Ducks trade Chris Kunitz for Penguins’ Ryan Whitney


Determined to revive their deteriorating defense with an infusion of puck-moving skills, the Ducks on Thursday acquired Ryan Whitney from the Pittsburgh Penguins at the steep cost of gritty left wing Chris Kunitz and power-forward prospect Eric Tangradi.

Although Ducks General Manager Bob Murray said the move was not a prelude to trading away veteran Chris Pronger, it clearly gave him that option.

Whitney, a formidable 6 feet 4 and 215 pounds, is 26 and in the second year of a six-year deal with an annual cap hit of $4 million. He can do many of the same things as Pronger, who’s slowing at 34 but can help a Stanley Cup contender that can afford him the rest of this season and take a $6.25-million cap hit next season.


Murray said the deal “was not a sell,” but he may be forced to write off the season if the Ducks don’t dramatically rebound before Wednesday’s trade deadline.

“This was done because going forward we needed to do something here,” Murray said during a conference call with reporters. “I’m a big believer in building from the back end out, and the back end was not good enough.”

Whitney made his Ducks debut Thursday, playing 24 minutes 19 seconds, mostly paired with Pronger, in the team’s 6-0 loss to the Bruins in Boston. That’s Whitney’s hometown and he had been there to support his mother, Sue, as she underwent successful brain surgery Wednesday.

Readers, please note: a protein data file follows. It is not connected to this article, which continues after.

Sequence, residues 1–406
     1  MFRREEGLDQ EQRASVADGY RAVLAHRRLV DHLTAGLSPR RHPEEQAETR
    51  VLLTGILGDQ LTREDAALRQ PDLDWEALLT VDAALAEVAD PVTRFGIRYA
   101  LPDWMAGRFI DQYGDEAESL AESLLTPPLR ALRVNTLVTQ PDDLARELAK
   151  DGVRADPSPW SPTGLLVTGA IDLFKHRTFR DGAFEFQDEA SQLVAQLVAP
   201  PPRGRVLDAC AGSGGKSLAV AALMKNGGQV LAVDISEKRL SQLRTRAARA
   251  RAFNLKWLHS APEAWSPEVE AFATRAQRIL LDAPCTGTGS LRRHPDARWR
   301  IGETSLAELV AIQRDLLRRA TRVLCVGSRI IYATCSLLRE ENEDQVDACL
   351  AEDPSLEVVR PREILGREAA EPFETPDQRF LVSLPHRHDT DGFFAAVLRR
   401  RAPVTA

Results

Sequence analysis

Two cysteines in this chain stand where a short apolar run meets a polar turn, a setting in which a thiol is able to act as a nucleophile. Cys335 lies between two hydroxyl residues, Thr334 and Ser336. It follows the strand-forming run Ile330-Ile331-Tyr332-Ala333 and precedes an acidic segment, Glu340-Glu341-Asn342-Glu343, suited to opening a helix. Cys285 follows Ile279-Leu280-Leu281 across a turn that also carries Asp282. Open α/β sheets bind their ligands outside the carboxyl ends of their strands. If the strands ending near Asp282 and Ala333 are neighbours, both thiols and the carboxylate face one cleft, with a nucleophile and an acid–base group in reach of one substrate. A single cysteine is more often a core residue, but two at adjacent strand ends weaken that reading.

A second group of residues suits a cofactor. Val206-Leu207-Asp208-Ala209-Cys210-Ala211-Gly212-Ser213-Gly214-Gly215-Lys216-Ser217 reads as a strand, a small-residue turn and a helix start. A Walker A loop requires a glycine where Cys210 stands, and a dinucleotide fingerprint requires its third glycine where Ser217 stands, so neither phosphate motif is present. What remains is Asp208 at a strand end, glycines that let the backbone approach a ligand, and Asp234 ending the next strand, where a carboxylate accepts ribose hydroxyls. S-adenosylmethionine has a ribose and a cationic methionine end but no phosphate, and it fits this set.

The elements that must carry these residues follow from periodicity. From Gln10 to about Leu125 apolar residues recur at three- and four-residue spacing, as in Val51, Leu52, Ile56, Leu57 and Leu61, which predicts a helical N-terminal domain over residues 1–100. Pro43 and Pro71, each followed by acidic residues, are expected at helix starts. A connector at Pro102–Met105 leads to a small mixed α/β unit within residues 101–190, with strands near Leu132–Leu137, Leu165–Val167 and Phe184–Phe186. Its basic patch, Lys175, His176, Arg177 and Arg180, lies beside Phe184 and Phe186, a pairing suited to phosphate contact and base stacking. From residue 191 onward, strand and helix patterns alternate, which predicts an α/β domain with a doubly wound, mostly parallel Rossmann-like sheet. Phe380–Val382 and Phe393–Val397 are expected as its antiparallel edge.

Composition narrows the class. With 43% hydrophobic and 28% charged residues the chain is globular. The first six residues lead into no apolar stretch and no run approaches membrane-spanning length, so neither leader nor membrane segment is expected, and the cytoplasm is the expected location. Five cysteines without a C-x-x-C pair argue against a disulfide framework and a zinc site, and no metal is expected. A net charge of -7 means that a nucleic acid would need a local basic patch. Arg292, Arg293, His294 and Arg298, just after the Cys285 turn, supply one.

“He’s a big kid who can skate and move the puck,” Murray said. “The game is evolving, and you better get the puck out of your own zone.

“We have good forwards and you have to get the puck to the forwards. Whitney can do that. He also is very good on the power play. He can shoot the puck and sees the ice very well.”

Kunitz, signed by the Ducks as an undrafted free agent, averaged 23 goals the last two seasons and was a key factor in their 2007 Cup title.


Murray called Kunitz “a true warrior” and said he tried to avoid trading Tangradi but had to give up quality players to fill what he saw as a greater need.

“I don’t know if you guys can understand how tough it is to find a puck-moving defenseman,” he said. “I guarantee you it’s harder to get a top-four defenseman than a top-six forward.”

Whitney was a force on the Penguins’ defense last season, when the team reached the Cup finals. However, he missed the first 33 games this season after undergoing surgery on his left foot in September and his slow recovery made him a target of boos. He had two goals, 13 points and a minus-15 defensive rating in 28 games.

Murray said Whitney might need surgery on his right foot, which would be done early in the summer if necessary. “I have no problem with what happened there,” Murray said.

Before the game, Whitney said he welcomed the trade as a second chance to establish himself as a top-notch player. “I can play better, and I think I will,” he said.

“It’s a new start and a team that I feel wants me. They gave up a good player and a real good prospect.

“It’s exciting to know that this team really wants me and I’m happy to be here as well.”